Glass becomes work of art in Mae Dillon's hands

Mae Dillon started working with stained glass more than 20 years ago and she has the hands to prove it. While many people use brushes to paint glass, Dillon prefers a more challenging method.

Her short fingernails and rugged hands are the result of years of working with glass cutters, saws and sanders to create beautiful pieces of art.

Prior to working with glass, Dillon dabbled in acrylic, macramèônd clay. When she was in high school, she served as the cartoonist for the school newspaper.

"But glass is my thing," she said. "I tried stained glass and I fell in love forever more."

The Ocean Springs Art Association artist's stained glass exhibit, "Birds, Butterflies and More," will be on display at The Art House Jan. 28 to Feb. 28. There will be an opening reception from 5 to 8 p.m. Jan. 28, during Free to Be ... Fourth Friday Gallery Walk.

Dillon's subjects are dictated by the glass. A month can pass before she figures out what some pieces of glass should become.

"Glass is fluid and it tells you a story," she said. "I see ocean waves, a tree or a blossom. The glass tells you what to do. I don't pick the subject -- it just happens."

The size of the piece can be deceiving, Dillon said. Smaller pieces aren't necessarily quicker to make, because they can be more intricate than larger pieces.

A large butterfly with black and yellow swirls hangs in the window of The Art House. However, a smaller, more intricate pink butterfly took the same length of time to create, Dillon said.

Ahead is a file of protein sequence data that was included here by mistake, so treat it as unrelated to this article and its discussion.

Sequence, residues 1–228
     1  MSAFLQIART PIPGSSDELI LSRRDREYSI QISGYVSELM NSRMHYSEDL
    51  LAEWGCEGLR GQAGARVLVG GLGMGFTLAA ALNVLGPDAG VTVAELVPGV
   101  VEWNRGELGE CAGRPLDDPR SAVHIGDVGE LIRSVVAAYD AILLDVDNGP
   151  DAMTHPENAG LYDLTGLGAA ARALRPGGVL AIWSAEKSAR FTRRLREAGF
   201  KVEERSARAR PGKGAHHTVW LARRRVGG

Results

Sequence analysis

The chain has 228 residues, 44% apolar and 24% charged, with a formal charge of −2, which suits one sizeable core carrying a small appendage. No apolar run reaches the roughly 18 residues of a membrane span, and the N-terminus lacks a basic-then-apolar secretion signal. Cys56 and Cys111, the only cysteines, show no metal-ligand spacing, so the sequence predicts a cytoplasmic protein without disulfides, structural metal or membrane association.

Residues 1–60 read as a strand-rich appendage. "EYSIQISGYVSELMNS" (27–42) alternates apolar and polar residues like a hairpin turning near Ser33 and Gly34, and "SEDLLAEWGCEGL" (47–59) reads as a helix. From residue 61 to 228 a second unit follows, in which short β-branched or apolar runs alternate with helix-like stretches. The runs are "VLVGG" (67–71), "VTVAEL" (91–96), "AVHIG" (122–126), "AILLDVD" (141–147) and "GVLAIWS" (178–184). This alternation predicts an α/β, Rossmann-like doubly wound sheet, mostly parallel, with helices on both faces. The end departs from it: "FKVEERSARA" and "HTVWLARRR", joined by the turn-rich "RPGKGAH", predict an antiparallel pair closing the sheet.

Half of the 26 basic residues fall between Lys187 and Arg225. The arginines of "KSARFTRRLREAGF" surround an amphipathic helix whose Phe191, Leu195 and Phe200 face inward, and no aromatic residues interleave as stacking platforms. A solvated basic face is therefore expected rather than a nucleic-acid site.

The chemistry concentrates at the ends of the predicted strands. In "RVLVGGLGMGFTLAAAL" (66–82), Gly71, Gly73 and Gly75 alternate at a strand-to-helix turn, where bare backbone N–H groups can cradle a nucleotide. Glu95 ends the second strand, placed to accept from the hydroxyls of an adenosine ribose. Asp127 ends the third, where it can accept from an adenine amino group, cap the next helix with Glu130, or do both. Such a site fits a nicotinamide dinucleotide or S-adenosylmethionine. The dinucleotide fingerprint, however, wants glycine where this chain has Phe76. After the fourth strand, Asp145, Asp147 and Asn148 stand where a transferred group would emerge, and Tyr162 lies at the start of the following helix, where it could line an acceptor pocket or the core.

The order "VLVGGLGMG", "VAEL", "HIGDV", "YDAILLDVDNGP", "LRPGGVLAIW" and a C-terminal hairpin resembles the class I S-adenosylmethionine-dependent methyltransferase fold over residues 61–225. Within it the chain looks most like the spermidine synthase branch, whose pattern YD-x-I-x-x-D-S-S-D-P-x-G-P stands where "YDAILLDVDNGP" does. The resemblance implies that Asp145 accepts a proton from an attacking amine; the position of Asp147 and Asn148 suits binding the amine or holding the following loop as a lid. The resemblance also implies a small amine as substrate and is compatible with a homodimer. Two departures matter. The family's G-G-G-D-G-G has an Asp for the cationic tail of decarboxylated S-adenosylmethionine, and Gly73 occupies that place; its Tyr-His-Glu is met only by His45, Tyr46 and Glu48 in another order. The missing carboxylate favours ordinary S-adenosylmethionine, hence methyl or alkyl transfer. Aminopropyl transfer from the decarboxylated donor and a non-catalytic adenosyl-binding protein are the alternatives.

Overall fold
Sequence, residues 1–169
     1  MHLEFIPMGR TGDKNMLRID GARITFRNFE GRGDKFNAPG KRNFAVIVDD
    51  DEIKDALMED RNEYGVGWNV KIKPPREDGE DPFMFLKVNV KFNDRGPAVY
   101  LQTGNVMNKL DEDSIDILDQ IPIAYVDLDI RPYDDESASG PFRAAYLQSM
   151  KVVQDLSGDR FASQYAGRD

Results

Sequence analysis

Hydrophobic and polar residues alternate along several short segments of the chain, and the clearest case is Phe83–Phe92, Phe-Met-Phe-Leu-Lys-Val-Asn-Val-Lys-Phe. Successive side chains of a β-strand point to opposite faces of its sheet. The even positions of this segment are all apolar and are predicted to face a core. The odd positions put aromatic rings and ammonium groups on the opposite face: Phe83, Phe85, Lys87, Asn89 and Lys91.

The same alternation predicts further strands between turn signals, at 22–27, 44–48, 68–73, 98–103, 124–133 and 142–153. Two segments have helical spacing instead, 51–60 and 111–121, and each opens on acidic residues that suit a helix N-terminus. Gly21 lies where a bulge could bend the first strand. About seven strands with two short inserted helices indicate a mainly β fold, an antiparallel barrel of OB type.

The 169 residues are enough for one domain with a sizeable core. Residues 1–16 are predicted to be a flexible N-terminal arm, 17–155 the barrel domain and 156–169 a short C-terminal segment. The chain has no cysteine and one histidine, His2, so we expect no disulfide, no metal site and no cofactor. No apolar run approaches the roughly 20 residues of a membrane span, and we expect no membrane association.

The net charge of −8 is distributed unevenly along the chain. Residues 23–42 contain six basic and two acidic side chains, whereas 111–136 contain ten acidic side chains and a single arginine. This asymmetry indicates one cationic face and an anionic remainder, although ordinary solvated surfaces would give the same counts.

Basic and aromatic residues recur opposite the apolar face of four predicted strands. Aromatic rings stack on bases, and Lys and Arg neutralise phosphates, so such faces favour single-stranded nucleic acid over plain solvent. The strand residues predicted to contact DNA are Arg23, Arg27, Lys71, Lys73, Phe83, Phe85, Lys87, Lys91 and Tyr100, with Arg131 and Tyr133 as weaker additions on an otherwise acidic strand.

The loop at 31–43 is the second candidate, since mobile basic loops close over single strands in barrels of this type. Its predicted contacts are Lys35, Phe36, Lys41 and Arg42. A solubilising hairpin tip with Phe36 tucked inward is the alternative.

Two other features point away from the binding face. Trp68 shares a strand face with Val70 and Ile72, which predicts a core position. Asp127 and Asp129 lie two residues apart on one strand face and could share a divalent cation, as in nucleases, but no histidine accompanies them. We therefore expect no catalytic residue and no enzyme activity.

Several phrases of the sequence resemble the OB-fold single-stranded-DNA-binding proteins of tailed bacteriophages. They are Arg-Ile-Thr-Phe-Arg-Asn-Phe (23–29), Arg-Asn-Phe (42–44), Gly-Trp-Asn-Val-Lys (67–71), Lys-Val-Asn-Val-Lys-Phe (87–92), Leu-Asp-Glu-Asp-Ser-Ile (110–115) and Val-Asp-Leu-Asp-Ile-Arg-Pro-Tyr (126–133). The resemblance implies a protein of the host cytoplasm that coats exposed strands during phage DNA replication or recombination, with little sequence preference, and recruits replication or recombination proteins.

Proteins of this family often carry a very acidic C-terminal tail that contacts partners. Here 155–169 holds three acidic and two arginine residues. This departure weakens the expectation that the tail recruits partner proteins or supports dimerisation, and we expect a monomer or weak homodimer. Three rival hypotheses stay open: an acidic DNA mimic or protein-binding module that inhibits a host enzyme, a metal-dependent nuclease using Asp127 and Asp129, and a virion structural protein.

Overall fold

Dillon, who loves to create scenes of animals, recently made a large piece for a family of their pet dog. It took a long time to find just the right color to match the dog's fur, she said.

"Perfect Pet" depicts a red fish swimming in a watery blue fish bowl.

"He really is the perfect pet," she said. "You don't have to wash him or feed him."

"Charlotte's Web" is a bright scene of two orange blossoms with green leaves in a web-shaped background.

"Van Gogh in Glass," reminiscent of the painter's "Starry Night," is a swirl of pink and green surrounded by a frame of emerald green.

Also featured in Dillon's exhibit are Mardi Gras masks, hearts, seashells, unicorns, sea turtles, roses and red hats.

Dillon attended a Red Hat Society luncheon and was fascinated by the ladies' unique red hats with purple accessories. She decided to make her own stained glass red hats -- no two of which are the same -- to sell at The Art House.

600450 Glass becomes work of art in Mae Dillon's hands

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